Kalsi Engineering, Inc. attended the 13th ASME/NRC Pump and Valve Symposium the week of July 17, 2017 in Silver Spring, Maryland. The following papers were presented at this conference by Kalsi Engineering.
Paper Title: Plant Performance History of an Innovative Gate Valve in Critical Service Applications
Abstract: An earlier paper [Reference 1] describes the key features of an innovative flexible wedge gate valve design that was developed to overcome the performance limitations and high maintenance costs of conventional gate valves in critical service applications. This paper will document the performance history from several plants where these valves were installed in containment isolation service applications for both steam and water in Pressurized Water Reactors (PWRs) and Boiling Water Reactors (BWRs). This paper will also summarize the extensive separate effects testing and flow loop testing that was performed under various plant scenarios, that included normal plant operation, various thermal binding and pressure locking scenarios, and accident/pipe rupture conditions. The results of the long-term performance history of over 20 years including any possible degradation will be documented.
Reference 1: An Improved Gate Valve for Critical Applications in Nuclear Power Plants, M.S. Kalsi, et. al., Proceedings of ASME/NRC Pump and Valve Symposium, NUREG/CP-0152, July 1996.
Author: M.S. Kalsi, PhD, P.E., President Kalsi Engineering, Inc.
Paper Title: Design Basis Verification and Preservice Testing Considerations for OM Code Appendix III
Abstract: ASME OM Code Mandatory Appendix III for in-service testing of motor-operated valves (MOVs) contains prerequisites for a design basis verification test (DBVT) and preservice test prior to initiating in-service testing. The DBVT has specific requirements that depend on valve type and operational experience, and the preservice test must adequately bridge the DBVT and in-service test. In addition, certain maintenance or modification activities require an evaluation to determine what aspects (if any) of the DBVT or preservice test require repeat testing and/or engineering analysis to either confirm existing reference values or establish new reference values. Finally, existing testing performed under legacy NRC Generic Letter (GL) 89-10/96-05 MOV Programs or ASME QME-1 functional qualification standard may be credited to satisfy all or a portion of the DBVT and preservice test.
The purpose of this paper is to describe, by valve type, the specific requirements for the DBVT and preservice test, the use of previous qualification testing (e.g. GL 89-10/96-05 and ASME QME-1) to satisfy the DBVT and preservice test requirements, what activities may require analysis and/or repeating portions of the DBVT and preservice testing, and effective approaches to merge legacy in-service test and MOV programs.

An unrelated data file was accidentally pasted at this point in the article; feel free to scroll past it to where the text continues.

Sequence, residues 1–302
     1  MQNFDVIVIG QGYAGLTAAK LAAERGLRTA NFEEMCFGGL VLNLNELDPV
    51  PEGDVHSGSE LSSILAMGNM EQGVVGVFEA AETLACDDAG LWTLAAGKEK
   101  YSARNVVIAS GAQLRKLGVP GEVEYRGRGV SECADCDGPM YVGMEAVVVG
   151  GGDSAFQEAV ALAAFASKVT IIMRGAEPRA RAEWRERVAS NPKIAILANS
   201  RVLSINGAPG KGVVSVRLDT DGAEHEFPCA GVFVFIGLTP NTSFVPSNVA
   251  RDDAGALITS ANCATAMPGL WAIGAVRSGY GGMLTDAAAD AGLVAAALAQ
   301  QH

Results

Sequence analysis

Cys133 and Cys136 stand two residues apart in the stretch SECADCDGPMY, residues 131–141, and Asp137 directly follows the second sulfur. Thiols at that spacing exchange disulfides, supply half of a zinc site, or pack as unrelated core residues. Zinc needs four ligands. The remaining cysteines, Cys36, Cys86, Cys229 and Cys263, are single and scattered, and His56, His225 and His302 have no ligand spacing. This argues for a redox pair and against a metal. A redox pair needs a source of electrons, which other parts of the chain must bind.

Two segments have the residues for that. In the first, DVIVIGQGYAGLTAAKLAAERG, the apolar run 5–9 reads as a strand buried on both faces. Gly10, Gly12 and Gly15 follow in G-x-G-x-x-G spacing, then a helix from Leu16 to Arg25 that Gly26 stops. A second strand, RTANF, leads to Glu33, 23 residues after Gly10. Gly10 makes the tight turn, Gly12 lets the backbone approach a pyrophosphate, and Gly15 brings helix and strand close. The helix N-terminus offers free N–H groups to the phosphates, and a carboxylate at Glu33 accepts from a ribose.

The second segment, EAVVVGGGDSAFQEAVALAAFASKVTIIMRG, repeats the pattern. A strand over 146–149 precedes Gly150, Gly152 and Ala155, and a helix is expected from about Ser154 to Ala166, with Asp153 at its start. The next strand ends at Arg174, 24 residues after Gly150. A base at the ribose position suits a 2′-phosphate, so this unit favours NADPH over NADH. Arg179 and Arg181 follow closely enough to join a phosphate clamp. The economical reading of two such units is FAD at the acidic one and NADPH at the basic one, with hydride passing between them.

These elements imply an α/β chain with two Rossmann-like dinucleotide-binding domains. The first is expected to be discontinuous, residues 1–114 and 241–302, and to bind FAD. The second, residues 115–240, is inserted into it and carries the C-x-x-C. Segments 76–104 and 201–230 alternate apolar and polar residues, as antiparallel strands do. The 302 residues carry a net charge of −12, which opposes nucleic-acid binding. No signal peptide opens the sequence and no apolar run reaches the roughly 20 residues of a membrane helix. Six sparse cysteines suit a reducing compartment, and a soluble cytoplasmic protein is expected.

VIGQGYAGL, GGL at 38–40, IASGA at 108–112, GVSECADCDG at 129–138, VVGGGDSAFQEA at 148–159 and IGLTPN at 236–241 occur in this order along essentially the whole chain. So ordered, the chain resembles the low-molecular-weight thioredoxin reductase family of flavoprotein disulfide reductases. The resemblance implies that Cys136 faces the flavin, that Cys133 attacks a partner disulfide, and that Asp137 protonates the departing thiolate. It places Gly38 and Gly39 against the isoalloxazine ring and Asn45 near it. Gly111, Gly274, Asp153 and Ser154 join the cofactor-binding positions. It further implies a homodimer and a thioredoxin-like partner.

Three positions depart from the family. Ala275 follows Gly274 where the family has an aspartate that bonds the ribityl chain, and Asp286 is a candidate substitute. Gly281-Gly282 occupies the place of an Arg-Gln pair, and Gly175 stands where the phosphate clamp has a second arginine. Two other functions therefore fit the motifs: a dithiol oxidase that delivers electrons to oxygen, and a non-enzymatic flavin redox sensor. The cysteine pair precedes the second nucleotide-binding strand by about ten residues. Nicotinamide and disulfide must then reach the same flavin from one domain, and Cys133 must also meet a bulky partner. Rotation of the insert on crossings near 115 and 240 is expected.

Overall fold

Author: Neal Estep, P.E., Vice-President Kalsi Engineering, Inc.
Paper Title: New Validated Methodology for the Required Force to Operate Balanced Disk Globe Valves
Abstract: In 2016, Kalsi Engineering, Inc. developed a new validated methodology to predict the required force to operate balanced disk globe valves for the Electric Power Research Institute. This methodology was developed based on flow loop testing and computational fluid dynamic analyses. The development of this methodology focused on quantifying the effect of side load on the disk and differential pressure between the top and bottom of the disk due to flow effects. Previous industry methodologies had not accounted for the DP between the top and bottom of the disk and the offsetting benefit of this force for some configurations. This methodology will be vital for establishing test acceptance criteria for performance assessment testing of balanced disk globe valves in the plant’s ASME O&M Code Mandatory Appendix IV program scope.
The purpose of this paper is to describe the development, theory, applicability, and implementation procedure for this methodology. In addition, useful examples will be provided to aid the power plant engineer in understanding how to screen valve applications for possible concerns.
Co-Authors: Zachary Leutwyler, Emil Leutwyler, Kenneth Beasley, Mital Mistry
Paper Title: Effective Diaphragm Area Test Program for Air Operated Valve Actuators
Abstract: GE contracted Kalsi Engineering, Inc. (KEI) to perform actuator testing to determine the effective diaphragm area for the Model 37/38 actuator line and to develop a bounding effective diaphragm area tolerance to account for measurement uncertainties and manufacturing tolerances.
The GE-sponsored test matrix includes Model 37/38 Sizes 9, 11, 13, 15,18, and 24 actuators. The test matrix was designed to facilitate the evaluation of the effect of the key parameters on the effective diaphragm area (EDA) throughout the stroke. These parameters include stroke position, pressure, diaphragm materials, measurement uncertainty and manufacturing tolerances. The test matrix also included with and without spring test configurations, two spring options for the same actuator size and model, and two diaphragm materials: Nitrile Elastomer and Silicone.
The test program provides reliable data for AOV design basis evaluations as required by the NRC RIS 2000-03. This paper presents the results for the Masoneilan Model 38 Size 18 diaphragm actuator, which show that EDA is both position and pressure-dependent.
Co-Authors: Zachary Leutwyler, M.S. Kalsi, PhD, P.E., Lisa Thidavanh, Laurie Luckhardt, Thomas Cunningham
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